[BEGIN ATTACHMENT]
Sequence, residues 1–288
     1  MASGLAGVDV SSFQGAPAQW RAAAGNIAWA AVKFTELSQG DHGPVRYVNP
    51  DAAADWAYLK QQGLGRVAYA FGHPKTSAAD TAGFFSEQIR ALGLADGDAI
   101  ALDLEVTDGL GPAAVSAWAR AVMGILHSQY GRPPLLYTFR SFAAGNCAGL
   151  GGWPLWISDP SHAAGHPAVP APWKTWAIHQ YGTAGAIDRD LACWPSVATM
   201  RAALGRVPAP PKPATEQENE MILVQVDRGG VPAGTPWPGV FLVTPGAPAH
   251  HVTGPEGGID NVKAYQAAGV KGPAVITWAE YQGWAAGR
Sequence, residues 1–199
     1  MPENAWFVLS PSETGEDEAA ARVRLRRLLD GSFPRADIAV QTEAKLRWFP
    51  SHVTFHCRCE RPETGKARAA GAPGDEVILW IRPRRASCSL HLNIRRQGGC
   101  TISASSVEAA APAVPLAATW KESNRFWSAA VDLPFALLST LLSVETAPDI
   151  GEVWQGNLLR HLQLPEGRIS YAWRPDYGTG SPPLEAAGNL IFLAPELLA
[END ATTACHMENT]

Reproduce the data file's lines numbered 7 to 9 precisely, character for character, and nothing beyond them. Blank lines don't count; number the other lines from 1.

   251  HVTGPEGGID NVKAYQAAGV KGPAVITWAE YQGWAAGR
Sequence, residues 1–199
     1  MPENAWFVLS PSETGEDEAA ARVRLRRLLD GSFPRADIAV QTEAKLRWFP